Operations in Afghanistan carried out by coalition forces have shown the necessity for a wide use of Russian Mi-8 and Mi-17 helicopters. The NATO has become aware of this. Moreover, Coalition member countries such as Czech Republic, Slovakia, Hungary, and Poland, our former allies under the Warsaw Treaty, provide their peacemakers using, inter alia, Mi-8 and Mi-17 helicopters.
- At what stage are negotiations on supply of helicopters to Afghanistan? Sources say about 21 vehicles, and a special trust fund, including Russia, will be set up under this project.
- A trust fund is initiated by the NATO. They proposed to set up a trust fund into which each potential member country should make a certain contribution. Now, in Brussels, there are consultations about a fund’s format, and a contribution to be made by each of the parties. Russia plans to join this fund. We have not yet determined a format, and, today, we discuss the amount of the Russian contribution to this trust fund.
- Will it be a monetary contribution or supplies of helicopters?
- Options vary. New supplies of helicopters are not being discussed. Our contribution may be in the form of supplies of spare parts and units, assistance in repairs and upgrading of those Russian helicopters that are in the service of the Coalition member countries, as well as training of technical support staff. Author's supervision of helicopters by Mil’s Design Bureau as their developer and the manufacturer is a most likely option.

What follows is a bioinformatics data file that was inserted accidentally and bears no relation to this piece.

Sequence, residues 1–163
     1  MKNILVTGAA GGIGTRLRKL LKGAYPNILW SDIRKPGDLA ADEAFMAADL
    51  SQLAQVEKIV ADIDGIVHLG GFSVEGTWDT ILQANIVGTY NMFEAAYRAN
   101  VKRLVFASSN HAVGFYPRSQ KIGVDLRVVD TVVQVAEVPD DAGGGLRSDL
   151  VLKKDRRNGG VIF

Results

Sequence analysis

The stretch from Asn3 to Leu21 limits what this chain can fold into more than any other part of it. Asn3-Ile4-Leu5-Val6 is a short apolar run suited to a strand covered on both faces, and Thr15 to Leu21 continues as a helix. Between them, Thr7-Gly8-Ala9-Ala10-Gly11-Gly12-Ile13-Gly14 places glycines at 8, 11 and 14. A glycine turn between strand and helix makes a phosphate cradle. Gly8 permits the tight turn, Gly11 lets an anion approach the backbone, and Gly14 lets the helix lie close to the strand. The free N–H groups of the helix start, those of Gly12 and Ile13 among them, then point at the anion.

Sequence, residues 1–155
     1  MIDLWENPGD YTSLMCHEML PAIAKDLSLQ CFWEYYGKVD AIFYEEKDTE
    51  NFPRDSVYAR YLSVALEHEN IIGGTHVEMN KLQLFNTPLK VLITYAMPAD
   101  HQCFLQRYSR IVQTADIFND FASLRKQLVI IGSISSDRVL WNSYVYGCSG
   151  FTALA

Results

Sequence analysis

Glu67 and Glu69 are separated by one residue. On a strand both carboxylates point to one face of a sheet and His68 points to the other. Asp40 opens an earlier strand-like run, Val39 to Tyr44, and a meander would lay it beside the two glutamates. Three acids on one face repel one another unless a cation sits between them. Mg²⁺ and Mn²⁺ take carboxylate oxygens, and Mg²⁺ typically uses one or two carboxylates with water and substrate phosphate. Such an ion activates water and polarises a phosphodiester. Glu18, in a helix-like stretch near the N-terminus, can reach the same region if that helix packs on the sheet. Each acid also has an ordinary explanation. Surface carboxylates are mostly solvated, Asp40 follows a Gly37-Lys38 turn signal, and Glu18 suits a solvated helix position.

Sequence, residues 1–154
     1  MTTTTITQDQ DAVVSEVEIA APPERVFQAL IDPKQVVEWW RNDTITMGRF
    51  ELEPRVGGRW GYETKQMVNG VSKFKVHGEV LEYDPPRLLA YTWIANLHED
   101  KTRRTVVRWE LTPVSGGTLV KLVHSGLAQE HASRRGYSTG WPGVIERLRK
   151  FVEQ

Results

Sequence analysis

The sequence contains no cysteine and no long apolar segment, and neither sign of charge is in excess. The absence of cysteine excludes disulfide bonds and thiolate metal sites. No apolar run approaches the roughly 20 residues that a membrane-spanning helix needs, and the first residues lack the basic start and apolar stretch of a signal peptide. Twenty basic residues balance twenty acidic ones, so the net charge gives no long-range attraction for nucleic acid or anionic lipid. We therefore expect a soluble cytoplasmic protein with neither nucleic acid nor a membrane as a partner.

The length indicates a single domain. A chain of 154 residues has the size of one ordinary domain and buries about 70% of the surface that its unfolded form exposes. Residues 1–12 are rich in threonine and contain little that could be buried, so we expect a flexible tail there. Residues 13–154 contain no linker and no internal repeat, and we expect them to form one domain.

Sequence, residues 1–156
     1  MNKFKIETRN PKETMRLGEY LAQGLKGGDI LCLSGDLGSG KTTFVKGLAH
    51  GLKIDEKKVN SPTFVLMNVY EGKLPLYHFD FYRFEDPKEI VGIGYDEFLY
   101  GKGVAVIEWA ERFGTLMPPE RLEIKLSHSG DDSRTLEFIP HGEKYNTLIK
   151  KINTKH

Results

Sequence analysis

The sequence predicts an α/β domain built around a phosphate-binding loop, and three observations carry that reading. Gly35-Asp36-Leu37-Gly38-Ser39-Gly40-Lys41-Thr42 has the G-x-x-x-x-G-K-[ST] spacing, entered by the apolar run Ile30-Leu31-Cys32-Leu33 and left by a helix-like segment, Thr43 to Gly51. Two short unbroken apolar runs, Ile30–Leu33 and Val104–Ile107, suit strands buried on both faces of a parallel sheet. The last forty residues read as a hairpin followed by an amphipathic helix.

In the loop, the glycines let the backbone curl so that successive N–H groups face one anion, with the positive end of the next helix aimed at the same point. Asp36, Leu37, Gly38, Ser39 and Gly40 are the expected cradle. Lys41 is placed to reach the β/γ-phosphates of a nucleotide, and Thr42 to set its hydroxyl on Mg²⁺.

Today, many Russian helicopters are in use in Afghanistan. To streamline their use, we have established contacts with NAMSA officials, a NATO structure in charge for condition, in particular, of helicopters. We have delivered a message to our counterparties that Russia strongly objects to the use of the Mil brand in an appropriate manner.